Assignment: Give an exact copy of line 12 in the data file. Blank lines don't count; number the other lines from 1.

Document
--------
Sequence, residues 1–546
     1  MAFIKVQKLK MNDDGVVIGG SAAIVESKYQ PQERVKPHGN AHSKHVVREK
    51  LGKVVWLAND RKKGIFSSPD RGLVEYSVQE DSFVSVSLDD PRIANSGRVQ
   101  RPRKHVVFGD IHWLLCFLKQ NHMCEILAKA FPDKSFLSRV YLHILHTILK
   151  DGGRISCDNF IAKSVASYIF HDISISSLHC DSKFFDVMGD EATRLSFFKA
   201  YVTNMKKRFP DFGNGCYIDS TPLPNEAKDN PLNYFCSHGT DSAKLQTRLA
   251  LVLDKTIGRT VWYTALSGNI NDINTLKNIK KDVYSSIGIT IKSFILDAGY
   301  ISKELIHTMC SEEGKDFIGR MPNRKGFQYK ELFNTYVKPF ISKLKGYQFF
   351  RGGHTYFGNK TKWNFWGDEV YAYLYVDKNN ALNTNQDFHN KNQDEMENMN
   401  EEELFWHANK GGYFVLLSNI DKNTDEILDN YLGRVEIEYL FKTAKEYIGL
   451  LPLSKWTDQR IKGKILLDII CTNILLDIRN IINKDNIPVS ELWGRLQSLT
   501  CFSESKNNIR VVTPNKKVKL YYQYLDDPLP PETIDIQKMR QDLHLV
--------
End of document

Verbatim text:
   501  CFSESKNNIR VVTPNKKVKL YYQYLDDPLP PETIDIQKMR QDLHLV